A Gathering of Southern Words
Arkansas Writer’s Conference 2002
By Robert L. Hall
The conference this year started off with a bang—a loud bang!
His summation was this: for non-fiction, yes, do the self-publishing again. For fiction, however, no.
Marcia Camp spoke next about Xlibris. Her narration was perhaps more critical, as she ran into a series of editorial problems, which she called in to the publisher. These editorial problems were more serious in her case, as her book was non-fiction, and as a result was impacted sharply by incorrect data in her work.
She was put off mostly by the attitude of the staff when she called in a correction. It appeared that she got “Muffy” or “Buffy,” or some other juvenile staff member to report her corrections to—corrections that were either never entered or incorrectly interpreted on the other end of the phone line by the immature and not book-savvy youngsters working for the company. Exacerbating this problem was the $200 dollar charge the company tries to extract from the author for every editorial change called in. To her credit, this was a charge that Ms. Camp says she adamantly refused to pay.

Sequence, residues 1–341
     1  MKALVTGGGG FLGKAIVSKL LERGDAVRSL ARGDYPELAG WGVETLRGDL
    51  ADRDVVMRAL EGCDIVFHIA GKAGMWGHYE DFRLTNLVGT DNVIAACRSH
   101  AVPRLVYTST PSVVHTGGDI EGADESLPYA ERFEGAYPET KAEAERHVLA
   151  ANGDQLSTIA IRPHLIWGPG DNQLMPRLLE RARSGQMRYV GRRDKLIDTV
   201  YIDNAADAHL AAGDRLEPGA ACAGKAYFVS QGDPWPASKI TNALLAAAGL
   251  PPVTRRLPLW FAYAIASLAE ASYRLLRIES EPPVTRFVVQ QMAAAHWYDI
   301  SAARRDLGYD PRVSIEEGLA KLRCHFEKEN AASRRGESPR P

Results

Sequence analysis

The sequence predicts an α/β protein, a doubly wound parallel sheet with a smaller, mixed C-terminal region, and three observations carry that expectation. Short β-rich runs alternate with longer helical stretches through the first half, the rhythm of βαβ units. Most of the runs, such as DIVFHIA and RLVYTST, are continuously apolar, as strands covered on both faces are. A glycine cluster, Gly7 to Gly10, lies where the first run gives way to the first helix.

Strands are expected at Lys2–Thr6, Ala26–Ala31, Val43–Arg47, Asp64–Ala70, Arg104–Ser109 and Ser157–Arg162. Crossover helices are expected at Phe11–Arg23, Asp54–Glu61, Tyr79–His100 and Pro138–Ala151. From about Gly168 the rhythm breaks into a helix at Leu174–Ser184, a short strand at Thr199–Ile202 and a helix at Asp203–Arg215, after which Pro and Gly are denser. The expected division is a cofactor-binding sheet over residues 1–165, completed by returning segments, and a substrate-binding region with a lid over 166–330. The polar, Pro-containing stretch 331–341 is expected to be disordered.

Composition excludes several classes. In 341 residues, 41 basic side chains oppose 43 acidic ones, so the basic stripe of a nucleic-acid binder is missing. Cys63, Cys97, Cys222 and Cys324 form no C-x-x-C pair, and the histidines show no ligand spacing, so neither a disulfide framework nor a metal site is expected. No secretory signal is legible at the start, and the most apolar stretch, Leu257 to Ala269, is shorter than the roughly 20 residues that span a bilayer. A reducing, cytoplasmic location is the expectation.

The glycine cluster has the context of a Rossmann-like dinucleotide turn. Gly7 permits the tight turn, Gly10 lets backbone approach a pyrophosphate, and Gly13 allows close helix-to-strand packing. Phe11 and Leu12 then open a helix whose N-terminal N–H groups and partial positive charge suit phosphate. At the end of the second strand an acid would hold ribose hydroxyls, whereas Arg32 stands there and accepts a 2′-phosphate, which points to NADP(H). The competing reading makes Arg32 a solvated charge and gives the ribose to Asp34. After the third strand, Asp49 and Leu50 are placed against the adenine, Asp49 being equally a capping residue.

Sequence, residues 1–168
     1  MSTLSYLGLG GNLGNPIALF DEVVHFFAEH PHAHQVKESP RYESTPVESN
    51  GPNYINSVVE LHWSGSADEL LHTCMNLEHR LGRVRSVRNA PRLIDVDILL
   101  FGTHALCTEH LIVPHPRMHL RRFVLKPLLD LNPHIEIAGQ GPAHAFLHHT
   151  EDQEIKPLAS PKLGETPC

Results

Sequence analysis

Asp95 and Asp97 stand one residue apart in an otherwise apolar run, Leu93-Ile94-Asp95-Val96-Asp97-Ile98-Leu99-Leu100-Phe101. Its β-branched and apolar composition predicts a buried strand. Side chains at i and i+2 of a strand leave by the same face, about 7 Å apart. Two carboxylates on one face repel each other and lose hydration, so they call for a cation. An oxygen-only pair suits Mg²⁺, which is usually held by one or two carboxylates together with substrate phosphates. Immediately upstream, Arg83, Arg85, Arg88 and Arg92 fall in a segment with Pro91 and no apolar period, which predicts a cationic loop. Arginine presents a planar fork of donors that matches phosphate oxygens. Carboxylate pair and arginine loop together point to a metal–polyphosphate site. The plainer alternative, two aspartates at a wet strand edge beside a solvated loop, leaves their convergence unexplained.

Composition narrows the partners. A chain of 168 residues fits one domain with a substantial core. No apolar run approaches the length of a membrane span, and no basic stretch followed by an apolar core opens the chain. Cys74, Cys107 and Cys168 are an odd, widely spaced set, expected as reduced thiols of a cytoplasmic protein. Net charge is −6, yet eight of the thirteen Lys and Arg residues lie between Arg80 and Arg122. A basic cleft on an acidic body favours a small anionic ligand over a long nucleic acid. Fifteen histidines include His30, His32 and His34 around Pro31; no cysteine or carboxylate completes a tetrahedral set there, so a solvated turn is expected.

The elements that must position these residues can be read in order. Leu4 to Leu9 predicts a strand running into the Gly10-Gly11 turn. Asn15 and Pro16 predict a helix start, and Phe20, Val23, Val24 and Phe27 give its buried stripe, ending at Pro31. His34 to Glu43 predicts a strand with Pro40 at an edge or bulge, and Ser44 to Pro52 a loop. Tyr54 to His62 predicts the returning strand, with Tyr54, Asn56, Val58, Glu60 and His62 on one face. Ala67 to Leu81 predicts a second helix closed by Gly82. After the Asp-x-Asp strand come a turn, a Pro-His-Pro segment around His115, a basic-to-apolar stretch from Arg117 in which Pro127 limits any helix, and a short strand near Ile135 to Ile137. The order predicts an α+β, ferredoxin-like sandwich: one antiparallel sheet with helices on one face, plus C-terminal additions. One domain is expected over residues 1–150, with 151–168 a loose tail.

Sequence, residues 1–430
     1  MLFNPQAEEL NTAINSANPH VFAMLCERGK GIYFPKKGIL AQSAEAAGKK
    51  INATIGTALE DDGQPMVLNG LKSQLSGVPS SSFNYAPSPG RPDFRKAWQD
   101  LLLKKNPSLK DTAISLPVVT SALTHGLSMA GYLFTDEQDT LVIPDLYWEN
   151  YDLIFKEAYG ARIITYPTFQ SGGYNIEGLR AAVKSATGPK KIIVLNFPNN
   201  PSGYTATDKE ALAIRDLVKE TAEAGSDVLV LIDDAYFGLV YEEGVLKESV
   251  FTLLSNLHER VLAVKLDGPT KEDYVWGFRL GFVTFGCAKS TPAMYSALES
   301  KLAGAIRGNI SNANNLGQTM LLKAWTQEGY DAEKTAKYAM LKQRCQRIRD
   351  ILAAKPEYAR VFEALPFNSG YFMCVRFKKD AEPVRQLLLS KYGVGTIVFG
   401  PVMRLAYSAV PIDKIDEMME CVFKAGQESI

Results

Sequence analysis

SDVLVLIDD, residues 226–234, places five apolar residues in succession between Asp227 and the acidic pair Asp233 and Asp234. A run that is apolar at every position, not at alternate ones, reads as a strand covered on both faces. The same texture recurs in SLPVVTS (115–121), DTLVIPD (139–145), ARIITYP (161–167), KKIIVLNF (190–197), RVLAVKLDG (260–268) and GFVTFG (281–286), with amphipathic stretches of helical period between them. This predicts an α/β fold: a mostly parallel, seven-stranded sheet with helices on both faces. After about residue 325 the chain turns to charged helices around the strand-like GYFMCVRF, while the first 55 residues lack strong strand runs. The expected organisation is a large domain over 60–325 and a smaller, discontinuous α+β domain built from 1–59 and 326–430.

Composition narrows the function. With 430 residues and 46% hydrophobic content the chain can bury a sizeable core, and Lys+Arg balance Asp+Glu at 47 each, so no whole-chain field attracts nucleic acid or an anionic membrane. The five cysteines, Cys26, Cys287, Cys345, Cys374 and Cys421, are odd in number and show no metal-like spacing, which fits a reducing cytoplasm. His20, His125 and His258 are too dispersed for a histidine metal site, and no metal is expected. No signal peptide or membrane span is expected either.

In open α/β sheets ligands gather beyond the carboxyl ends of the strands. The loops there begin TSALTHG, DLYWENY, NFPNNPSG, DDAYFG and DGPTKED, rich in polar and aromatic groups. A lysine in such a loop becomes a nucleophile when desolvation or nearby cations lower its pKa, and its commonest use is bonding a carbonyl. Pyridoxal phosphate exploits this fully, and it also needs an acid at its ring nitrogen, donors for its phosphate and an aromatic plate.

She, of course, did not recommend Xlibris.
Velda Brotherton was next to the podium. She spoke in a simple, yet clear way to the problem of producing a manuscript in which you “Discover Your Voice.” Topics such as fresh settings, crisp dialogue, focus, pacing, sense of place, sympathetic characters, subplots and turns, foreshadowing, rhythm and tone were discussed, with a follow-up discussion of “Selling Out,” as it is called: in which a writer contrives to write in genre that they are not especially wild about, however injecting tone and voice into it to make it uniquely their own.